Also important to the ticking clock is the flyer Marty brings back with him. Marty and his girlfriend are handed the flyer by a woman raising money to save the clock tower. It has the important date and time of the lightning strike on it. This pays off when Marty shows the flyer to Doc and realizes they can use the lightning strike to power the time machine.

Other examples of using plant and payoff for story logic include the story Lorraine tells in 1985 about how she and George met and fell in love. This provides the information Marty (and the audience) need to understand how Marty fractured his parents’ relationship and what he must do to restore it.

Back to the Future also uses planting and payoff to cleverly reveal character and show character change. For example, in 1985, Lorraine insists she was a good girl who wouldn’t be caught dead chasing after a boy. So it comes as a revealing surprise when she pursues Marty very aggressively, and when she hints in the car at the dance that she’s messed around with a lot of boys before him.

This also helps show the changes that have happened when Marty finally gets back to 1985. Biff is a prime example. In the opening, we see Biff in 1985 forcing George to do his reports for work. When Marty runs into Biff and George in 1955, Biff is forcing George to do his homework. When Marty returns again to 1985, Biff is now waxing George’s car. This new interplay dramatizes how the future has been changed.

(For more on Planting and Payoff see: Using Planting and Payoff)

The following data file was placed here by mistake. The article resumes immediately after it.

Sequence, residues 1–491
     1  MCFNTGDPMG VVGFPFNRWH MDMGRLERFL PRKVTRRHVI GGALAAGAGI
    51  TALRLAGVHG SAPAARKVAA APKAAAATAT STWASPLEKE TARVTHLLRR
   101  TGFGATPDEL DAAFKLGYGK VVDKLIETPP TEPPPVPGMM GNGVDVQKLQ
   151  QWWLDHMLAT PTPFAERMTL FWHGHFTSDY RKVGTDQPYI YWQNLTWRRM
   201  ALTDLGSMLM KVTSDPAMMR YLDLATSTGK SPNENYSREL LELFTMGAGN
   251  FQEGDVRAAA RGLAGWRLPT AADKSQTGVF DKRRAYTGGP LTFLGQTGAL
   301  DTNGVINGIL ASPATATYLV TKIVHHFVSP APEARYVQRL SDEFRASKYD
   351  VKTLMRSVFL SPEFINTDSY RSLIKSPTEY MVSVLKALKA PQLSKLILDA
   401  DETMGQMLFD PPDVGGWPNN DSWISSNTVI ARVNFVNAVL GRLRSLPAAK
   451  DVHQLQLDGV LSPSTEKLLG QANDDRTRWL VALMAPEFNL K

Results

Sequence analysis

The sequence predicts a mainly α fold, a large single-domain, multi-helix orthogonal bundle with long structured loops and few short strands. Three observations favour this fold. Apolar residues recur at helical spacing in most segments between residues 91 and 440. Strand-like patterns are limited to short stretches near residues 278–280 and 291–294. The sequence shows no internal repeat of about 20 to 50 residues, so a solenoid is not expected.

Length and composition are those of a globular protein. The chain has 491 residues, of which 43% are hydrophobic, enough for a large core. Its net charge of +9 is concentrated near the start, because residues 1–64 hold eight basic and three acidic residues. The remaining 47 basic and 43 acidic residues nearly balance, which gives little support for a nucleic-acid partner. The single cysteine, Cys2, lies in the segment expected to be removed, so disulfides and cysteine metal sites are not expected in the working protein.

Scenes of Preparation

Scenes of preparation set up the big set pieces of a film. One common use of a scene of preparation is to lay out the characters’ plans so the audience can tell when they go wrong. For example, in Back to the Future, Marty has a scene with George where he explains his plan for how George will win Lorraine’s heart. Marty will get handsy with Lorraine in the car outside the dance, and George will sweep in and pretend to save her. Then when we get to the scene in the car, we understand why Marty is trying to put the moves on his mother and what it means that George isn’t the one to actually intervene. Without the scene of preparation, the writers would have to resort to awkward dialogue to get that information out.

This scene of preparation serves another purpose: It shows us how nervous George is about the plan. Scenes of preparation allow characters to reveal their feelings in a way they likely couldn’t in the plot point scene. And understanding George’s fear of even faking a fight sets up the significance of when George actually stands up to Biff later.

(For more on Scenes of Preparation, see Scenes of Preparation and Aftermath)

Bonus Technique: Escalating Obstacles

While I’m talking about the scene in the car, look at how nicely the writers escalate the obstacles. We know the plan: Marty pretends to force himself on Lorraine, then George pretends to save her. But things immediately go awry when Lorraine is more randy than Marty. How can George save her if she doesn’t want to be saved? The obstacles then escalate further when Biff intervenes before George arrives. Now the danger’s even greater – Marty’s been hauled away by Biff’s henchmen, the chances of George and Lorraine getting together seem remote, and Lorraine is in serious danger of sexual assault.

There’s a reason Back to the Future has stood the test of time to the point where thirty years later people have created a “holiday” around it. A big part of that reason is the tight, expertly crafted screenplay.